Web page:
In November, reactions developed again. Another round of tinkering with medications, adding this, subtracting that, substituting something else. Received information from Employee Assistance in Boston, which boiled down to: you should probably contact Social Security or a local AIDS information program about resources . . . doesn’t the Human Resources office at Disneyland have any information about local programs?”
I gave up. We’re listening to CARE Program. This is why I continue to boycott all Disney animated features. In my opinion, the Great Beast 666 is Mickey Mouse . . . we already knew that Michael Eisner is the Anti-Christ.
We had a nice, quiet Christmas. Robert’s viral load has continued to decline, but his CD-4 hasn’t increased (good news, overall). He weighed 172 last May, and weighs 145 now. His weight is seven pounds up from his all-time low in January. Various problems with side effects continue to crop up, but they’re mostly minor. He’s quite weak most of the time, but is steadily improving.
This past weekend, he came to the church spaghetti supper – his first big outing in months, other than doctor visits.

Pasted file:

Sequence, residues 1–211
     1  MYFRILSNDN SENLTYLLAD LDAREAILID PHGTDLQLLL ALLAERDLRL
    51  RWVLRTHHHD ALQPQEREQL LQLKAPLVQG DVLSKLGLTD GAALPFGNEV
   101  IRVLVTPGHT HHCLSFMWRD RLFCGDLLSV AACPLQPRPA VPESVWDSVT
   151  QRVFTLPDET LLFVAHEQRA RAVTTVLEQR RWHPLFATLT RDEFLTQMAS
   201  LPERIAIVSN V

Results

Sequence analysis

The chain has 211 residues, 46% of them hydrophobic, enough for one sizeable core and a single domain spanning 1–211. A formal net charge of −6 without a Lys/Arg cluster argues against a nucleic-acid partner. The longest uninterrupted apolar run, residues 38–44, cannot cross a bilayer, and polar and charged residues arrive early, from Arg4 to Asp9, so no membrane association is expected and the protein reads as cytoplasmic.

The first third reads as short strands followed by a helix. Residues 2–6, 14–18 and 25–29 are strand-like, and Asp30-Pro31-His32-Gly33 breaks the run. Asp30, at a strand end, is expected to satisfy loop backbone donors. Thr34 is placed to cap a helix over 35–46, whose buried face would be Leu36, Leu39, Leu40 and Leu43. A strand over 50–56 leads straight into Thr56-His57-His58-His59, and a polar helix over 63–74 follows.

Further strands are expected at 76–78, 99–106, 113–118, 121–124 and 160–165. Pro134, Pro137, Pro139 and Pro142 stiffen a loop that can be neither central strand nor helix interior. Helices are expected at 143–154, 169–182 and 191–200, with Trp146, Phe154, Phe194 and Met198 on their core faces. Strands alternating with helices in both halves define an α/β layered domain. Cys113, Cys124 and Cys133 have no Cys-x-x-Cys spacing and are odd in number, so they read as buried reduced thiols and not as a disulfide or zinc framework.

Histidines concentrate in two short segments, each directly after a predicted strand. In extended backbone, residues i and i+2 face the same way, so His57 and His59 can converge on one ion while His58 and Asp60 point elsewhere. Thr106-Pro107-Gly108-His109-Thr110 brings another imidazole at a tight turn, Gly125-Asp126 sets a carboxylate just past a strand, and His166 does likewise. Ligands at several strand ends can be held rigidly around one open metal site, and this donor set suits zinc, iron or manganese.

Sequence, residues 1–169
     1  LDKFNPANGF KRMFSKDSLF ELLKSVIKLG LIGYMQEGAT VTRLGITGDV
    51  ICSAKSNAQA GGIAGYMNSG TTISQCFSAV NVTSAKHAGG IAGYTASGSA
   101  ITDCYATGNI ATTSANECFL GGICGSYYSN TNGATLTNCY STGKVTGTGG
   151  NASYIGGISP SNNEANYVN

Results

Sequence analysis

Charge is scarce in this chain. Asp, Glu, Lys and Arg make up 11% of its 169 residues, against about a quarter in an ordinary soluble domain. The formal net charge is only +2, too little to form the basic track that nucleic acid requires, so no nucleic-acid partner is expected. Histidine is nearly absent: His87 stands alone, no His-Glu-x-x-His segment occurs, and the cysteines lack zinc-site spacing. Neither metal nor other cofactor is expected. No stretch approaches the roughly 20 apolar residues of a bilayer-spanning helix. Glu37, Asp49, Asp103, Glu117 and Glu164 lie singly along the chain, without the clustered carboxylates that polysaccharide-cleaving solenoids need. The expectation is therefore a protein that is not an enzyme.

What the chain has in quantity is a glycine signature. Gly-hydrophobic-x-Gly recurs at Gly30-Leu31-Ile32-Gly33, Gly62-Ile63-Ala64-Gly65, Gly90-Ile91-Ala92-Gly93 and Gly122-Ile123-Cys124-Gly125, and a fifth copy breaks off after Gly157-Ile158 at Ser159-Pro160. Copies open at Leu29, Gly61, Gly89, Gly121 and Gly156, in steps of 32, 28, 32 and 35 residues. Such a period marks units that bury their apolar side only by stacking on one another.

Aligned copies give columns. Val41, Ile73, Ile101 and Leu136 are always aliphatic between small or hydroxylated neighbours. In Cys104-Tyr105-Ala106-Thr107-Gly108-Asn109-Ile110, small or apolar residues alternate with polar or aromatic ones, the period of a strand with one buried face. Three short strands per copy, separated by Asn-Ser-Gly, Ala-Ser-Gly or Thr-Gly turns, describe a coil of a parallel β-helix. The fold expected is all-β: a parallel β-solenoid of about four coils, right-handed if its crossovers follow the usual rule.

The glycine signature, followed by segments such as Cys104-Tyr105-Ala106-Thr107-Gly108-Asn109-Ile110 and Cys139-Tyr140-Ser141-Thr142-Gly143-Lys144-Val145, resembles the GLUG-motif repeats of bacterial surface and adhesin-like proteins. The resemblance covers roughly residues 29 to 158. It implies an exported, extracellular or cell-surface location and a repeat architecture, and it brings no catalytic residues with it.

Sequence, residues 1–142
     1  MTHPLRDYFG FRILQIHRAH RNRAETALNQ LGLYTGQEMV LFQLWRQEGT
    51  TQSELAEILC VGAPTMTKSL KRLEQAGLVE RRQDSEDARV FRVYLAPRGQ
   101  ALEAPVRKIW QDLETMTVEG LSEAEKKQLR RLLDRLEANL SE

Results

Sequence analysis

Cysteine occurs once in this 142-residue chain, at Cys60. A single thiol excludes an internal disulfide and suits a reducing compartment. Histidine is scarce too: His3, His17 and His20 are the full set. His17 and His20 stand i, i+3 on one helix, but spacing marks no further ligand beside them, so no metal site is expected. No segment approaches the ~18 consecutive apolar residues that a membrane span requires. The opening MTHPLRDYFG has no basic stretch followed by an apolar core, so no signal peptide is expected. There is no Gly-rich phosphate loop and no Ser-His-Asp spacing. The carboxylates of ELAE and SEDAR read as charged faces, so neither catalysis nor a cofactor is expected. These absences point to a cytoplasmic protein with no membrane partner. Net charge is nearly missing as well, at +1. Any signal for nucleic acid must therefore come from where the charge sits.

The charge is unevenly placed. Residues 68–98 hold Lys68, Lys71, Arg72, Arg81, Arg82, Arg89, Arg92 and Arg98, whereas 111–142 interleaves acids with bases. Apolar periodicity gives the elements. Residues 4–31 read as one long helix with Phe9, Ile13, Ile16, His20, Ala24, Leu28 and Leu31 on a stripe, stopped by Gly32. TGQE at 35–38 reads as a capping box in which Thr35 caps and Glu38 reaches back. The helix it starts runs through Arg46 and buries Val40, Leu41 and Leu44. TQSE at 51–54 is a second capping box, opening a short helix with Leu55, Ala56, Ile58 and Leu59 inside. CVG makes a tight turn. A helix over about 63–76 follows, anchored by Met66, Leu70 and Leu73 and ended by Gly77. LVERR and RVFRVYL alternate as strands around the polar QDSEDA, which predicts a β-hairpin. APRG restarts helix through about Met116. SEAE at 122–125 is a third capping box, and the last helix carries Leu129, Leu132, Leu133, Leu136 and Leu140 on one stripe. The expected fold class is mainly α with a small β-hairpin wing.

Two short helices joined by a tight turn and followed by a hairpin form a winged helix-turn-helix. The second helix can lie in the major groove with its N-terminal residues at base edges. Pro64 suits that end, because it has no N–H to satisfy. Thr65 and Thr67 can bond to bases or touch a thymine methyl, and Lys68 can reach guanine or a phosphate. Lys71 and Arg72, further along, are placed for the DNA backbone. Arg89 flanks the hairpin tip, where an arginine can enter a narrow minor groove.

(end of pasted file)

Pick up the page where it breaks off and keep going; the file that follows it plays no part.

My boss has been great during all this, allowing me a completely flexible schedule to meet with doctors, lawyers, and social workers. She and the intern pastor both visited Robert when he was in hospital. (By the way, he’s the grandson of long-time members here).
HOW THIS TIES IN TO CHANGING JOBS: Working at the other job would allow me to have a full weekday always set aside for doctor appointments, etc., and as it’s so much closer, I’d be available if an emergency arises at home.
This is the first time I’ve set all of this down in order all in one place. Looking back, I realize I’ve had one of those rough years that’s so nice to have gotten to the other side of -- it’s been Job’s own year. Mother and Bill have been wonderful during all of it. Despite having had quite a tough row of their own to hoe, they’ve saved my sanity several times. It would take several more pages to go into any kind of detail, so we’ll leave it at that.
During this past year, I’ve turned 40, gained 25 pounds, gotten a lot of grey hairs, acted in two plays and a church worship/drama service, and done too little housework. I think I’ve gotten a few clues as to what things in life are important, and what aren’t, but I’m still not sure where housework falls in the grand scheme of things.